De Architectura,II, IX, 10 e 16
The alder, which grows on the banks of rivers, and is to appearance an almost useless wood, possesses nevertheless most excellent qualities, inasmuch as it contains much air and fire, not a great deal of earth, and less water. Its freeness from water makes it almost eternal in marshy foundations used for piling under buildings, because, in these situations, it receives that moisture which it does not possess naturally. It bears immense weights and does not decay. Thus we see that timber which above ground soon decays, lasts an amazing time in a damp soil….
This is most evident at Ravenna, a city, the foundations of whose buildings, both public and private, are all built upon piles…
Thus, as the fortress was called Larignum, so the wood, whereof the tower was built, is called larigna (larch). It is brought down the Po to Ravenna, for the use of the municipalities of Fano, Pesaro, Ancona, and the other cities in that district.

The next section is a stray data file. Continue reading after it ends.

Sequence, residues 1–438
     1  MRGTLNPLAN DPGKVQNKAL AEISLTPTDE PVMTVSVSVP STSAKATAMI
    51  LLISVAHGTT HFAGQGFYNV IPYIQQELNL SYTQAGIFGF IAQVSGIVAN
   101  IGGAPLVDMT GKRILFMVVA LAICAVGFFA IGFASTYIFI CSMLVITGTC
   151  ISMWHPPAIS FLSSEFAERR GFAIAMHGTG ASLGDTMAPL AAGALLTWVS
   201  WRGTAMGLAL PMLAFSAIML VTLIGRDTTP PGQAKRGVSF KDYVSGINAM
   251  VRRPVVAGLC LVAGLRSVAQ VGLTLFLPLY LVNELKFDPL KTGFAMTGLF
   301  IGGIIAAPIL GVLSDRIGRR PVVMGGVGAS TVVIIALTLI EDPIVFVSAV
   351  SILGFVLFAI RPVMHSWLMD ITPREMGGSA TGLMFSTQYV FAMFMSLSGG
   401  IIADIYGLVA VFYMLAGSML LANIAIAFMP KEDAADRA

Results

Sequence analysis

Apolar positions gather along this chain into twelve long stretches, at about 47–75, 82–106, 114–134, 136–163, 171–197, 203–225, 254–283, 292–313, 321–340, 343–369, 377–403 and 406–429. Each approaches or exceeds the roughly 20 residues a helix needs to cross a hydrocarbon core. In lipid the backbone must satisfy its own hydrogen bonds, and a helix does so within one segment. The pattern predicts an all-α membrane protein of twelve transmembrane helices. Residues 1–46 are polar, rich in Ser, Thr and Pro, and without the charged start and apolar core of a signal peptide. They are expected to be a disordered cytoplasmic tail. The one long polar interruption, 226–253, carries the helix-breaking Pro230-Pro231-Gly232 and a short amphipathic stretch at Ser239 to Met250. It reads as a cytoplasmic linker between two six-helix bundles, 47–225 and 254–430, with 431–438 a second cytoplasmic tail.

Strabo (66 a.C. – 23 d.C.)
Geographica, V, 6, 7
The harbour, like the river, is called Medoacus. The largest city in the marshes, however, is Ravenna, a city built entirely of wood and coursed by rivers, and it is provided with thoroughfares by means of bridges and ferries. At the tides the city receives no small portion of the sea, so that, since the filth is all washed out by these as well as the rivers, the city is relieved of foul air. At any rate, the place has been found to be so healthful that the rulers have given orders to feed and train the gladiators there. Now this is indeed one of the marvellous things at Ravenna, I mean the fact that the air in a marsh is harmless.